InsightJanuary February 2005

Five Futures for Muslims

Sohail Inayatullah

The Perfection of the Past

When the future of Muslims is discussed,1 whether by mullah, political leader, or believer, most tend to resort to the historical memory of the time of the rightly guided caliphs, when the Prophet's principles of moral leadership and shura (deep consultation with the believers) were practiced.

It is this past – a living prophet with a geographically bounded state – that remains the vision of the future for many Muslims. In this sense, one can paradoxically argue that Christians were more fortunate that Jesus did not succeed (during his time) in creating a Christian state.2 The fact that a utopian Christian state never existed allowed room for ideas of future state systems, a notion of progress, and a movement toward a better future. Of course, the religious dimension of this has become the search for the savior – the return of Christ. But by and large, it has been capital coupled with technology in the context of freedom of the individual that has been the driving force in the West.

For Muslims, the past attainment of a perfect or near perfect Islamic state and society may not have been the blessing it is often assumed to have been. Social and political “progress” has focused on returning to the ideal-perfect era. As well, social and technological innovations have become limited as many Muslims have tended to make the fundamental error of “misplaced concretism.” That is, the details of the earlier epoch are re-engineered – the strong warrior male leader, the hijab for women, the battle of good and evil, tribal politics, and other particulars of 7th century life. This period is taken out of history and decontextualized. Instead of focusing on a productive future, concrete dimensions of the past are re-imagined. They are brought back and used as tools for social control, particularly against the most vulnerable. Traditionally this memory of an idealized past was used for nation-building, but now it is used as part of the larger quest to create a modern Khalifate – an integrated empire.3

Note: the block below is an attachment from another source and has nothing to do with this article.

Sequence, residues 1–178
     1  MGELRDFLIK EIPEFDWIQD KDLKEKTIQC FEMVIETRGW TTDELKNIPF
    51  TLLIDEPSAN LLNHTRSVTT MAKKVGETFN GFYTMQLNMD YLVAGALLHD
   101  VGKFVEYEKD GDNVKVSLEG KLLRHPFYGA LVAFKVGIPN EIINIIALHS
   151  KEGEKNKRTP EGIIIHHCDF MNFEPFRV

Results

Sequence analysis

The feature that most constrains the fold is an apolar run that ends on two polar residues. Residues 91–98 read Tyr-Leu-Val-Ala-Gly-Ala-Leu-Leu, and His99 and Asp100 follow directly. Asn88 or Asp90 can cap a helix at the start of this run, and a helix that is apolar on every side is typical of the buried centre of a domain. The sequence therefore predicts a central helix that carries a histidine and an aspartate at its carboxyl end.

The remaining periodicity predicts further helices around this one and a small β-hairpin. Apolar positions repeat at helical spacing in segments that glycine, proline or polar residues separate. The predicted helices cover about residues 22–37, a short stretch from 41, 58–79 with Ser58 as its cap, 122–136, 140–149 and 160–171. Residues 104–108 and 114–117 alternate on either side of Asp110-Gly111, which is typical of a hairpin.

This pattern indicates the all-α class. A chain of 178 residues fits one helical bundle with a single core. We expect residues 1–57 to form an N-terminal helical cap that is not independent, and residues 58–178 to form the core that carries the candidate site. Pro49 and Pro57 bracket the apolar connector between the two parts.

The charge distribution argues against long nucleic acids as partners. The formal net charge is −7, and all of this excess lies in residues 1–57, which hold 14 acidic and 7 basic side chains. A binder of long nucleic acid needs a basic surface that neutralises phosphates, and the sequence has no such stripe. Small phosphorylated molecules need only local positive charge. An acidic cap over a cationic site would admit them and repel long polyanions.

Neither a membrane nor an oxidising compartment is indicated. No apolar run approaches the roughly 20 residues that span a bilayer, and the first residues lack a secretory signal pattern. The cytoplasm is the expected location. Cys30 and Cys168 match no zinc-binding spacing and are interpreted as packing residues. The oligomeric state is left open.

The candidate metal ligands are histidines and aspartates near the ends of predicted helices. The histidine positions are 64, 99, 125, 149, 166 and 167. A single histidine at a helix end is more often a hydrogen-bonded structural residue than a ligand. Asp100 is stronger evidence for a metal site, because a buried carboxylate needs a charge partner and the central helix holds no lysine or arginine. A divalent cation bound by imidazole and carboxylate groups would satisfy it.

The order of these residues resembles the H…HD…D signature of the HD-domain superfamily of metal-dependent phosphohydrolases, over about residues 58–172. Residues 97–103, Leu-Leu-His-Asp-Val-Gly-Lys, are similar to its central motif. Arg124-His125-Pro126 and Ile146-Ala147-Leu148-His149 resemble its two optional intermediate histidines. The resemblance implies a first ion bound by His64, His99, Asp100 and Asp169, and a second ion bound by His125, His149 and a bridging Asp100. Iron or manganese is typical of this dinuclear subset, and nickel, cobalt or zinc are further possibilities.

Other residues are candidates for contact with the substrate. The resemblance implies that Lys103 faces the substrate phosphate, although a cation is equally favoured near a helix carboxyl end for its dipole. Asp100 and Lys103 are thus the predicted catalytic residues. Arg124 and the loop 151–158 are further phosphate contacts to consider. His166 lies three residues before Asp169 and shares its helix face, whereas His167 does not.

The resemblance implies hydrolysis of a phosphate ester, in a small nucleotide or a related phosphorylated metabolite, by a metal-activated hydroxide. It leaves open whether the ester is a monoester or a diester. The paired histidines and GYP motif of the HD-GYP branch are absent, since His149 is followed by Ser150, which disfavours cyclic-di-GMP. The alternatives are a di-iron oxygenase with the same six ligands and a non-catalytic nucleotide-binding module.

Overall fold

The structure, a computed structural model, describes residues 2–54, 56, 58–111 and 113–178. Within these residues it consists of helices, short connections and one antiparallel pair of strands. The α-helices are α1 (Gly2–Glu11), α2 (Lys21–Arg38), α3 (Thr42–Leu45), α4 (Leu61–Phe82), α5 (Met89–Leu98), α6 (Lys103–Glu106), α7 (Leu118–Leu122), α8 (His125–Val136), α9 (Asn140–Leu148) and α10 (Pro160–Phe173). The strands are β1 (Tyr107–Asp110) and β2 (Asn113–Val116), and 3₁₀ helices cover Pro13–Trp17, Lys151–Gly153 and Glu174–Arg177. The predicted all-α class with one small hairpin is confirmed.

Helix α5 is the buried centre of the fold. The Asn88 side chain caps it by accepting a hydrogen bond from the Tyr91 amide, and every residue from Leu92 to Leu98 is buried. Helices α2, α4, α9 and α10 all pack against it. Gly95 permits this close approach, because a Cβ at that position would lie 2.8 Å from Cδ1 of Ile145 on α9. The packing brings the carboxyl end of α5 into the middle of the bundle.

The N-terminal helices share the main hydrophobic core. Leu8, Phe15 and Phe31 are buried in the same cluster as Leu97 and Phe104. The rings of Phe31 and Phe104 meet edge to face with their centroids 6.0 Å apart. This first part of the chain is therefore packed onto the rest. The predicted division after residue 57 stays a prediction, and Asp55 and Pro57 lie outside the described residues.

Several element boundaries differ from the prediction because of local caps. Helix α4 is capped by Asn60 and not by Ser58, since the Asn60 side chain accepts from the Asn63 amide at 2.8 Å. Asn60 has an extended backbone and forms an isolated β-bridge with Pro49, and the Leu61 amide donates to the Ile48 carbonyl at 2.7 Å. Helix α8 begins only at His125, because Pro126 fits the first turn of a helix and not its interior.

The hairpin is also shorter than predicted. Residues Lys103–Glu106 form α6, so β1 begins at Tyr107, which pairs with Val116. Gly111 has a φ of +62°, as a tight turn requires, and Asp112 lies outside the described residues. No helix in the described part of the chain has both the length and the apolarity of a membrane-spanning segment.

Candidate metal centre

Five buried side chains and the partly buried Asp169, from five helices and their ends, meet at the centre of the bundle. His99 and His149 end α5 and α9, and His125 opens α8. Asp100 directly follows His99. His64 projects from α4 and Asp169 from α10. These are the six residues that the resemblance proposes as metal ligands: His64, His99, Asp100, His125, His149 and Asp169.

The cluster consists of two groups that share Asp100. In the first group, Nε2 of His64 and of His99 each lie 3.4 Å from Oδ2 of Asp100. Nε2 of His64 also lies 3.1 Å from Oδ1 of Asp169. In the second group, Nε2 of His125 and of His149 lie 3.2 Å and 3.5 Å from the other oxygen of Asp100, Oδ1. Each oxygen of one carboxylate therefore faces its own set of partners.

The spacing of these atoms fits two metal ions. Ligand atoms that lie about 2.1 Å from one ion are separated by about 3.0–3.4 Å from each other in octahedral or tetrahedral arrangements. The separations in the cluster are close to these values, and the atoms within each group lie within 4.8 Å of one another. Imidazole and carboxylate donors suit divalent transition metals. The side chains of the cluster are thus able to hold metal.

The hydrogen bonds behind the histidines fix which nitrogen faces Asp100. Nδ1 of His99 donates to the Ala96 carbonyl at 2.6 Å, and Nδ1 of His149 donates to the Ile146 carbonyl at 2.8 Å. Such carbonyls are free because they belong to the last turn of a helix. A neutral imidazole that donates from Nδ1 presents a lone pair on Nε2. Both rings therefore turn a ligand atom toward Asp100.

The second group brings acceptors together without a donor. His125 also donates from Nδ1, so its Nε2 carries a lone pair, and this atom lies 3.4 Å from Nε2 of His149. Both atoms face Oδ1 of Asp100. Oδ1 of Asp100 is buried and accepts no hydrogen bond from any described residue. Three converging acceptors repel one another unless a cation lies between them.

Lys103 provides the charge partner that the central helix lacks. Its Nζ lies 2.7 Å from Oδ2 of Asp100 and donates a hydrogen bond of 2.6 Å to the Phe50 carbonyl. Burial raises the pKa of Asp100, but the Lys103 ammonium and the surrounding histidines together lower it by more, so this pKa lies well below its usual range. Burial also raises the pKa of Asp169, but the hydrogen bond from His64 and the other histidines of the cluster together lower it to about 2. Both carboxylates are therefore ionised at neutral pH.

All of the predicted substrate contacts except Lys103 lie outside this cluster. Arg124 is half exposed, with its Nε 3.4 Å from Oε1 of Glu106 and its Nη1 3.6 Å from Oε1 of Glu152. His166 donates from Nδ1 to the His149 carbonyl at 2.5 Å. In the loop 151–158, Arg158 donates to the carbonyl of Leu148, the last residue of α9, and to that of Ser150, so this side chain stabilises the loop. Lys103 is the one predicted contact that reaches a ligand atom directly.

Divided Islam, Divided World

While the first future is driven by the desire to return to tradition, the next plausible future is based on the playing out of various contradictions – these include civilization and nation, and civilizations4 in conflict.

The first tension is between Islam as a civilization and Islam within the nation-state; that is, one cannot have, by definition, an Islamic Republic of Pakistan. Islam must be free of all national shackles. It is this contradiction that worries leaders throughout the Islamic world – in a true Islamic Khalifate they would no longer have power. This is the same fear that American leaders have of the United Nations. Super-ordinate power is a threat to local power, even if it is more appropriate for economies of scale, policy implementation, the environmental challenges facing the planet, and for global peace keeping.

Can a "Pan-Islam" be created, or will the tensions between civilization and nation-state always exist? Or is it possible that there is a way out of this dichotomy? The last scenario at the conclusion of this essay, that of the virtuous spiral, explores a way out.

The second tension is between Islam as a civilization in conflict (and for many historical periods in harmony) with the Judea-Christian world. By most measures, the Islamic world falls short on most economic and social indicators.5 Yet, Muslims and Westerners offer very different explanations for these shortfalls. From the Western perspective, the Islamic world has failed to modernize, secularize, and innovate. Nations are like individuals, and Muslims have not followed the dictates of Adam Smith et al. The Islamic response, however, is focused less on internal issues and more on external ones – principally, how the West has intervened in the Islamic world's natural development. From this perspective, colonialism has created an economic and social straitjacket, reducing the pathways possible, often with violent results. Thus, the grand and often polemical calls for justice from the Islamic world. But the shadow dimension of this broad definition of justice (the righting of endless historical structural wrongs) is conspiracy. In the minds of some, there are always malevolent actors from evil civilizations at play. For many, this is what explains the decline of Muslims. Not just amoral economic patterns but actors actively plotting the decline of Islam (since it represents the fundamental threat to the Western world, similar to communism in the 20th century). And there are collaborators within as well – the overly westernized Muslims, women and corrupt leaders (and the less than true believers).

The future of Islam cannot be divorced from that of the rest of the world. If the world remains unfair in Islamic eyes – war on Iraq but not on other violators of human rights, on other despots in Russia or China as examples – then the sense of injustice and powerlessness remain. Moreover, as C. Inayatullah of the Council of Social Sciences in Pakistan argues, this injustice serves as a vehicle to unite Muslims.

With the assumption that the current world order based on culture of conflict, violence and war persist, Muslims will act within it and respond to its violent aspects with greater violence. [In this future], Muslims will become more fundamentalist and develop greater unity among them to face the rest of the world and fight their battle under the banner of orthodox Islam [the past-based future].6